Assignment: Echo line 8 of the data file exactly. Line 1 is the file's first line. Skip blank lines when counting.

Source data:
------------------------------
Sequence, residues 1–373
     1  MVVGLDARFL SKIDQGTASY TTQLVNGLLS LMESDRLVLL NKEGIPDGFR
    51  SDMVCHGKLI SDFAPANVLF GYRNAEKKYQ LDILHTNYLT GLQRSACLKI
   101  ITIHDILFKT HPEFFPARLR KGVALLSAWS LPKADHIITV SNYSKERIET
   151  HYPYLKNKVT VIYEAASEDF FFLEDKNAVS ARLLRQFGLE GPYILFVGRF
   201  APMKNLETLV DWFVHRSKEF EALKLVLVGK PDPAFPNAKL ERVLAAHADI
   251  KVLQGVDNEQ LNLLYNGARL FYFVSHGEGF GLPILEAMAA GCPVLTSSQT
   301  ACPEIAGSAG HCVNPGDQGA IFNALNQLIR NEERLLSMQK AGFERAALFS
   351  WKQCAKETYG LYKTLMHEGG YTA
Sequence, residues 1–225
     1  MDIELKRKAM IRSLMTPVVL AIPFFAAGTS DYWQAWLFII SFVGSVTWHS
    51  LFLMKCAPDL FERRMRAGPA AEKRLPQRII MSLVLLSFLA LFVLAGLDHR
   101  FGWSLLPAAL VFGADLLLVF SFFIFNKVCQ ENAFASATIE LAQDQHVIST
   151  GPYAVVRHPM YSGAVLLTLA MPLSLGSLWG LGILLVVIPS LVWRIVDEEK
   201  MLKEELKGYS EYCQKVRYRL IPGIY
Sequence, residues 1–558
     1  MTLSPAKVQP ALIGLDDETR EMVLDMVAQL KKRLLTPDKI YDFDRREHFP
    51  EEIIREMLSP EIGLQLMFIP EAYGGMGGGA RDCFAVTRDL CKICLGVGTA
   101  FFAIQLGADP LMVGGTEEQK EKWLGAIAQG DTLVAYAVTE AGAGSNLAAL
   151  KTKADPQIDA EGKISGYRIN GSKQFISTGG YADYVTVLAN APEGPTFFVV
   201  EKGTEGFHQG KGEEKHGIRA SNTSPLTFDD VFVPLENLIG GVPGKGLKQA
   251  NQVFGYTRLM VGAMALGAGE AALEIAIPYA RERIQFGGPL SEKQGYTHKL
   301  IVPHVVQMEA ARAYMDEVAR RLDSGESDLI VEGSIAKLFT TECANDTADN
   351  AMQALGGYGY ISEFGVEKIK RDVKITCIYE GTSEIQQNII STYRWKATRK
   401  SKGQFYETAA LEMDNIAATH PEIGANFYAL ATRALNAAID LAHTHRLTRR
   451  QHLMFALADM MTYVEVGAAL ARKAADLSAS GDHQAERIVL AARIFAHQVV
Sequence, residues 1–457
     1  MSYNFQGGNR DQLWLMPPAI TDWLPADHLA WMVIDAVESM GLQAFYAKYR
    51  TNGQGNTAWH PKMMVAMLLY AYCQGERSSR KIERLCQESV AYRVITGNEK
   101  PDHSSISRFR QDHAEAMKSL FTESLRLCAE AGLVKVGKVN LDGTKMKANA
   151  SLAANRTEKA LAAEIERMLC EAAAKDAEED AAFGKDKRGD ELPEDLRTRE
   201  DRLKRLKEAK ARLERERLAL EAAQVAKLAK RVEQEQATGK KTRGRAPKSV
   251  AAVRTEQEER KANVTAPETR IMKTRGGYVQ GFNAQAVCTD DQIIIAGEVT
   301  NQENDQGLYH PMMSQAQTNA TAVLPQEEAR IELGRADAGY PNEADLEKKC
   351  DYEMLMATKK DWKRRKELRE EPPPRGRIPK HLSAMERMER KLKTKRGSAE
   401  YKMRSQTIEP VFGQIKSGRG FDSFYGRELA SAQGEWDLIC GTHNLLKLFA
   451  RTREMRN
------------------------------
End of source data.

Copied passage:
   301  ACPEIAGSAG HCVNPGDQGA IFNALNQLIR NEERLLSMQK AGFERAALFS